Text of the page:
Jay Friedland: It depends. In California the grid's very, very clean so it's coming from a mix of different things but there's actually very, very little coal in California. This is the big question. Are we just taking and having a longer tail? Well, even in the worst situation, which would be like West Virginia or Kentucky, you're still about twice as good from a greenhouse gas emissions standpoint using an electric car. But, again, each and every year that gets better. And if you start to look at things like, for example, sulfur dioxide from coal plants, it's totally capped so you're not putting any sulfur dioxide into the earth. So you can start looking at reductions at all levels and we're definitely getting rid of... you know, coal plants are going the other way and we're starting to see more and more and more renewables on the grid. So again, the cars get better every year.
Kevin George: What role is the government providing for EVs?
Jay Friedland: So what I do is I work with Congress, with the administration, and with primarily the State of California to try and make sure that from a policy standpoint we lay in the right kind of laws and public policy so that we can get more electric cars and more plug-in hybrids on the road and into consumers' hands. So President Obama, when he was a candidate, basically said, "I want to put a million plug-in vehicles on the road by 2015." And as part of getting to that goal we, along with a number of others -- everyone from the automakers to other non-governmental agencies, other nonprofits -- all worked with Congress and got a very specific set of incentives into the stimulus package. So if you buy a fully electric vehicle, plug-in vehicle, you can get up to a $7,500.00 tax credit. So right now you get 3,000 to 3,500 to 4,500 for Cash for Clunkers but if you buy an electric vehicle you can get $7,500.00. So now this is the big thing: if you buy an electric vehicle you can get $7,500.00. We've put in those consumer incentives and that's gigantic.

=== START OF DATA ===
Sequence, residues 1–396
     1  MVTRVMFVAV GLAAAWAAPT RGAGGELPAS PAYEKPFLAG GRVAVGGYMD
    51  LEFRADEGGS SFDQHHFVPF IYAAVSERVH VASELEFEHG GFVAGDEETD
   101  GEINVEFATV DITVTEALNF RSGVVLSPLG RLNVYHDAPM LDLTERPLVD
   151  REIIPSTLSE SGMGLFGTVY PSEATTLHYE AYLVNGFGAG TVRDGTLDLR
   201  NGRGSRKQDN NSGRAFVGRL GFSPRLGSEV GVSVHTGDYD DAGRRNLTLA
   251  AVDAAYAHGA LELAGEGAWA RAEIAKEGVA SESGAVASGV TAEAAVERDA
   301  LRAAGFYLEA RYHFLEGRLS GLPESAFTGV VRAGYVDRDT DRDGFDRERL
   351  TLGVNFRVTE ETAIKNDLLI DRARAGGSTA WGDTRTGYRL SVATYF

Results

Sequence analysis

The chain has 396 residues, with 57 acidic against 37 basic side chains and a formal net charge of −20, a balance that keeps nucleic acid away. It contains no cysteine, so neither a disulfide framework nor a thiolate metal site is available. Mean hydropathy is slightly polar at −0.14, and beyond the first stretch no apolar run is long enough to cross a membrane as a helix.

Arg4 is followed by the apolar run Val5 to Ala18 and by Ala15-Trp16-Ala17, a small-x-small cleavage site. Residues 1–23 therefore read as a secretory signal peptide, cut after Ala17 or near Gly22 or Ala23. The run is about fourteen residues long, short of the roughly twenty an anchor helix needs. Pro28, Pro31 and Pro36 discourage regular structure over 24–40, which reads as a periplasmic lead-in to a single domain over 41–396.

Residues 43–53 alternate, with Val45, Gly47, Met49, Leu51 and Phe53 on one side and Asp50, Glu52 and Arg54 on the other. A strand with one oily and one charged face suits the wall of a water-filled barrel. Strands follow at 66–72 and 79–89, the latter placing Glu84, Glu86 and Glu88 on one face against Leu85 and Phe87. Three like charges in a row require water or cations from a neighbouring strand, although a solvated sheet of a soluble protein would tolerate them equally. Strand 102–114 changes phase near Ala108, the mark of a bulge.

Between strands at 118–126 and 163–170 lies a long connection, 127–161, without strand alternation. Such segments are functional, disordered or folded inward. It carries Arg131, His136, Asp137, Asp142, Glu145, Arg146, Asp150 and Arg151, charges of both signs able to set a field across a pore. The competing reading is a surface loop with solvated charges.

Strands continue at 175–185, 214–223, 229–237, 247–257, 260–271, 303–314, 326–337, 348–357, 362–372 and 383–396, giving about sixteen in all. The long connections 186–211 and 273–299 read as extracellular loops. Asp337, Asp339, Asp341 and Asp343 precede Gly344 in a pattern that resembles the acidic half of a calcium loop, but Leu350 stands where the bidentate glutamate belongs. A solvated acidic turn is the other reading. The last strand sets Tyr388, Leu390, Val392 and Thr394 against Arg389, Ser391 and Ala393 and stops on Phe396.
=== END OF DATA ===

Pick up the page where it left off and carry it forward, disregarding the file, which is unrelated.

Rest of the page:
Today: Electric Vehicles
So if you want one, there are several EVs available today for consumers including the Tesla, Aptera and BMW Mini EVs. General Motors, Ford, Chrysler, Volkswagen, Hyundai, BMW, Nissan (this is partial list) all have plans to include EVs in the next few years.
Future: Made in America
In the future, Plug-In America hopes to see a whole industry around EVs including batteries, vehicles, clean energy power source and grid and home clean energy installation -- all Made in America.
Kevin George: What about the issue of getting them built?
Jay Friedland: Well, see there's a bunch of things. So last week the department of energy awarded $2.4 billion in grants and basically that program was set up where primarily about $2 billion of it went to building manufacturing facilities for batteries in the US. What that will do is go a long way to getting the batteries to work. Everybody always goes, "Well, do the batteries work?" The batteries work but we're not building them here. And so the goal from a federal policy standpoint is to get 'em built and manufactured here. And then there's a lot of money in there also for demonstration projects and public education and things like that.
Kevin George: And what year might we see batteries built in the US?
Jay Friedland: I think we'll see batteries built in the US. I mean the pilot programs are already up and running so I think probably end of 2010, early 2011 we will see batteries built in the US.
Kevin George: Okay.
Jay Friedland: And cars too.
Community of Sustainable Enthusiasts
The event brought together a good mix of entrepreneurs, scientists, venture capitalists, regulators, legislators, and general environmentalists. Representatives from government, including Rachelle Chong, Commissioner for CPUC and Jerry McNerney, Congressman for California's 11th District presented their respective accomplishments.
Overall the event was gorgeous and delicious, produced by sustainably minded organizations, including Vibrant Events and LRE Catering (and many others).
Bottom line, if your enthusiastic about EVs, this may be your time to plug-in and get involved. Find out for yourself why there's electricity in the air around EVs.